When birds are better at doing Social Distancing

Kris and I have potted plants and flowers in our tiny balcony where birds do come and visit once in a while. We sometimes put our leftover fruits and give them to the passing birds to feed. In Australia, Lorikeet birds are everywhere. They are adored for their vibrant colours and and beauty. This particular Lorikeet frequently visits us ever since when we offered it water and bird food during the hot summer when there were bushfires around country. It is such a joy to have them around especially in this challenging season of isolation and social distancing.

Speaking of social distancing, this has been imposed in most counties around the world to stop the spread of this deadly virus. I think some birds are way ahead compared to some us in practicing this. And here’s a video to prove my point:

I think when you are being kind and mindful to these tiny beings, they remember your deed and now they keep coming back. Getting visits from them every now and then is very entertaining. Sometimes I reflect and envy their freedom. We humans are kept at home while they are free to fly wherever they want to go.

I guess this is an important reminder that we are all a part of the circle of life. No matter how small, big, or whatever kind of living being, we all live in the same planet and we all have part to play that could make an impact to everyone.

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Here’s the full video if you are keen to watch:

How to look after a Peperomia Polybotyra

We got to buy our very first peperomia plant in Australia last year. And we’re so glad that it has thrived very well.

So, how did we do it? A little bit of research , personal experience and TLC ( tender love and care) did the trick. Peperomias are not too needy as well as long as you get the most important care tips right. Here are some of it.

  1. Use a not too large pot with drainage.

2. Place it in an area with a bright to medium light away from direct sun exposure. We placed ours next to a window with a semi-transparent curtain. I love the way they turn their leaves towards the window. Kris and I takes turn to rotate them every now and then. Peperomias like warm and humid temperatures. Less light exposure will lead to leaves falling off and too much sun exposure will cause it’s leaves to turn pale and yellowish.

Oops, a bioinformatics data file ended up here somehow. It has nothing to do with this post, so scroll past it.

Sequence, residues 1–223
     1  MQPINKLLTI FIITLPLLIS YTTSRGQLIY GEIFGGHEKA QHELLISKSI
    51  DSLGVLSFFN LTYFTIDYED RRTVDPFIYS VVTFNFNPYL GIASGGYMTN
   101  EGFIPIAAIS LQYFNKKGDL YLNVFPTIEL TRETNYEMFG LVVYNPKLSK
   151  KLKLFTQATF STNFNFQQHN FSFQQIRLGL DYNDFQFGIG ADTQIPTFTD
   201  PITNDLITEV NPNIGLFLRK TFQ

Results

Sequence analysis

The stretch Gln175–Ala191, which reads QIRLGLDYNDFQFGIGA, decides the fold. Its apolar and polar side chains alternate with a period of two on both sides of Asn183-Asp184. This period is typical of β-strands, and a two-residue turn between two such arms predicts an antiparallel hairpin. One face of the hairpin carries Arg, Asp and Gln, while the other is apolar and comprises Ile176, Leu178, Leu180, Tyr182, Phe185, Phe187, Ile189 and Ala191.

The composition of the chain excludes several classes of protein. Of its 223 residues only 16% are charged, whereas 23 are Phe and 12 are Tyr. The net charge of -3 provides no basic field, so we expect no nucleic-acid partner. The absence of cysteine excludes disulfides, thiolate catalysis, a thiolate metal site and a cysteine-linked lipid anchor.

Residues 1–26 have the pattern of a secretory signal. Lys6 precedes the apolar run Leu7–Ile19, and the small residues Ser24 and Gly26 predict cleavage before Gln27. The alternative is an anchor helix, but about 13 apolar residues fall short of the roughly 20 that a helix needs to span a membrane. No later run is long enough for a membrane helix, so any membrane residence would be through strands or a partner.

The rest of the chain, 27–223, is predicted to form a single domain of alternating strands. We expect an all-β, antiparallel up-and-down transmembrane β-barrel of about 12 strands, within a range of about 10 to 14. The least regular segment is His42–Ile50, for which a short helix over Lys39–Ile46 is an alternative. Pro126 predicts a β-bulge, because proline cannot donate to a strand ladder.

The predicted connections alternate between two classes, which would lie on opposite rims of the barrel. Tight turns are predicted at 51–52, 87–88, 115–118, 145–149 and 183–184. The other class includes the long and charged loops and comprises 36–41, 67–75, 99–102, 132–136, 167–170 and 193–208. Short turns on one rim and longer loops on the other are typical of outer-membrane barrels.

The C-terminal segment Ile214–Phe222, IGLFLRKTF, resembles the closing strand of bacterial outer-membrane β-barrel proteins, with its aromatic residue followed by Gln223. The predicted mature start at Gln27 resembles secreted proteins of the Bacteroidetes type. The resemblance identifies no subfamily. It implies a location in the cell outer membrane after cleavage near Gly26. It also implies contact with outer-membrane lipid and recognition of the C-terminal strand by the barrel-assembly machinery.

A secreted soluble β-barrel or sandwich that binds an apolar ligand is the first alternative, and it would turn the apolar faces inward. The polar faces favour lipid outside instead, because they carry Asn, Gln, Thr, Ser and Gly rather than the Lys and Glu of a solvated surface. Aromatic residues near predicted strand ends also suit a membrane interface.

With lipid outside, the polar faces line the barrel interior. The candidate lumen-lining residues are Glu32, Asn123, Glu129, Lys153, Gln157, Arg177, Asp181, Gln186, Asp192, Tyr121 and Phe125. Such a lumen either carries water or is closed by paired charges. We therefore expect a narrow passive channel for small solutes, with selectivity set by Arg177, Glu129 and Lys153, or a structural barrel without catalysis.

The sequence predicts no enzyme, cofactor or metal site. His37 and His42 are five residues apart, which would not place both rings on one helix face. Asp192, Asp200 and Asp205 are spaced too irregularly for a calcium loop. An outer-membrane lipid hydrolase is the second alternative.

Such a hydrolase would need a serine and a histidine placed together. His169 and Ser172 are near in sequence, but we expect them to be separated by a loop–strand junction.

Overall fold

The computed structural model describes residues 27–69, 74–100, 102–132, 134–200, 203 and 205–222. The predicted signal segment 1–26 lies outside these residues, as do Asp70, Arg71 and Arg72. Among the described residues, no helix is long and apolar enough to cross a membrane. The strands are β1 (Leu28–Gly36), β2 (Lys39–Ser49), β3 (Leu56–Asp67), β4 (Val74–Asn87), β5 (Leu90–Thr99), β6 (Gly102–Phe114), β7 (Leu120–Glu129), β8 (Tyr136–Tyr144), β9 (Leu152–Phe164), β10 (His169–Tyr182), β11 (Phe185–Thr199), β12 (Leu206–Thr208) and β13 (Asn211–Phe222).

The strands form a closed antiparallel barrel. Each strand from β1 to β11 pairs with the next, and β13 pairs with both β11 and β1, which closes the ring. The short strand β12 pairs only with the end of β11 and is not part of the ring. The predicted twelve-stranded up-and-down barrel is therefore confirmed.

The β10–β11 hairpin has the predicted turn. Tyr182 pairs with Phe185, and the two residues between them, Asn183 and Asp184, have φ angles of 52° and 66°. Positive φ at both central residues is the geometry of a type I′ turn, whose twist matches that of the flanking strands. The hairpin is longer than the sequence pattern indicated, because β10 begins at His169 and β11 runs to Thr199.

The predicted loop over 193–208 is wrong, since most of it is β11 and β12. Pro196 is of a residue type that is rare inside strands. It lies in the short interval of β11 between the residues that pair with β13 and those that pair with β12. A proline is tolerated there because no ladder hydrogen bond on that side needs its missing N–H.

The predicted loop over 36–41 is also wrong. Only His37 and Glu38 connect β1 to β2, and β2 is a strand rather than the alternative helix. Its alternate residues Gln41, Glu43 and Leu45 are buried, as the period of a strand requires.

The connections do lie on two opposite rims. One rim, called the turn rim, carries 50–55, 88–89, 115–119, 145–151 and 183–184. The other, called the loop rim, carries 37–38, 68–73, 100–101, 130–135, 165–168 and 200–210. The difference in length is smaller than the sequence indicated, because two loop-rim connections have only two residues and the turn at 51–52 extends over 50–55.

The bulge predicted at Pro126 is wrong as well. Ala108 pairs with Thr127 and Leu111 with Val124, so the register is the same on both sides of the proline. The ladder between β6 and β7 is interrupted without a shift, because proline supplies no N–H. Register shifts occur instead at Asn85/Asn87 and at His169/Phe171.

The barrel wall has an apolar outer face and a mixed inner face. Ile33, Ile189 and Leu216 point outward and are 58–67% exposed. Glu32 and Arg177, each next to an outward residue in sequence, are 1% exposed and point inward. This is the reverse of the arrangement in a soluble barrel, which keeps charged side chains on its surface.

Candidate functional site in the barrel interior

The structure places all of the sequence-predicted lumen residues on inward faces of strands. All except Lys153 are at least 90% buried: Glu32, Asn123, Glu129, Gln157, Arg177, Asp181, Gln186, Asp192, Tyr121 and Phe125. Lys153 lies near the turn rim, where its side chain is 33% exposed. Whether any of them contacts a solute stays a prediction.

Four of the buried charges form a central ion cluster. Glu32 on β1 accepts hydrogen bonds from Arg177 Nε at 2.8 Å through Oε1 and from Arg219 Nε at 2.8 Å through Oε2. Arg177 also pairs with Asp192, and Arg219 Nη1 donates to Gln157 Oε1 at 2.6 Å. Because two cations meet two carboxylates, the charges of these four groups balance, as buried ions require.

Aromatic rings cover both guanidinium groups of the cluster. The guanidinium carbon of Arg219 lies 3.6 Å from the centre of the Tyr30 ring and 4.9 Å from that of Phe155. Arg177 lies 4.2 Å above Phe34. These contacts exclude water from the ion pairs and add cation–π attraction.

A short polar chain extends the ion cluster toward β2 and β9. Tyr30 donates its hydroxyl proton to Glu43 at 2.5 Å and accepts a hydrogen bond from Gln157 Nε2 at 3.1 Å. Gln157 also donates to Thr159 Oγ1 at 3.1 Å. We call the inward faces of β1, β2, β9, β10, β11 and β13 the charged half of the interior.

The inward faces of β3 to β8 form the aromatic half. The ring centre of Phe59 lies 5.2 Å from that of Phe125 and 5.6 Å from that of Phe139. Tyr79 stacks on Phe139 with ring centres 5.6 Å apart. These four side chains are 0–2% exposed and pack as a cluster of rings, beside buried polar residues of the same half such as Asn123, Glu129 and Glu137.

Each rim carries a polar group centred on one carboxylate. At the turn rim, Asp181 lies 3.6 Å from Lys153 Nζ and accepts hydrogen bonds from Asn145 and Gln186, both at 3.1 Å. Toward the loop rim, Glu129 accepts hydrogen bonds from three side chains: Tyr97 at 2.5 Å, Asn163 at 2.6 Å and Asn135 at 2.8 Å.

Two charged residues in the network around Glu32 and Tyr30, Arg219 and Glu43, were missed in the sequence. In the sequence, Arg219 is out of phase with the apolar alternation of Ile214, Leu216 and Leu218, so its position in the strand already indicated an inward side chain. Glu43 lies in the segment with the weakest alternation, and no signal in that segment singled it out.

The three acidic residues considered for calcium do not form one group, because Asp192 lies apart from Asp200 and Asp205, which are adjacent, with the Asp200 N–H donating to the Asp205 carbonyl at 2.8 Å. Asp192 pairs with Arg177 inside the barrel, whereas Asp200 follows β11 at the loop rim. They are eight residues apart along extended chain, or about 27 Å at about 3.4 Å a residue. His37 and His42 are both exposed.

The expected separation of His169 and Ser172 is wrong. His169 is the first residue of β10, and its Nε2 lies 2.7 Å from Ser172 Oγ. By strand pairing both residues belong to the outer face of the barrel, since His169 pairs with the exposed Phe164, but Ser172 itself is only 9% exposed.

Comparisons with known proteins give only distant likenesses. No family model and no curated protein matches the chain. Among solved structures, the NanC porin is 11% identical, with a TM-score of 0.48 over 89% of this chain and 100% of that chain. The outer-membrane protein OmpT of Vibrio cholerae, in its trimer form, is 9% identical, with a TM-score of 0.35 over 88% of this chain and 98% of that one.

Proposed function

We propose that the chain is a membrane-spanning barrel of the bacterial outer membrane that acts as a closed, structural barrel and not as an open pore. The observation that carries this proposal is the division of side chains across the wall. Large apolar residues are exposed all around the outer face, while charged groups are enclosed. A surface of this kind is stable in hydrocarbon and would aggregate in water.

3. Leave the soil to dry completely before watering as the peperomia leaves are thick which can store water. I usually just stick about an inch of my finger in the soil to check it’s moisture and water if it’s dry. We water our Peperomia about just twice a week but may be even less during winter. Avoid too much watering as it may cause it’s root to rot and eventually grow fungus.

4. Fertilise once a month or even every 2 months. They are the kind of plant that does not really need it though.

They grow slowly so there’s no need to repot not until the roots are sticking out from the bottom of the pot.

5. Regular misting and wiping of it’s leaves reduces bugs infestation and cleans the leaves from dusts hence promoting photosynthesis. Your peperomia will love you for this!

Thanks for taking time to read our tips. If you have any other suggestions and recommendations feel free to leave your comment. We have posted some of our plant collections in our instagram page.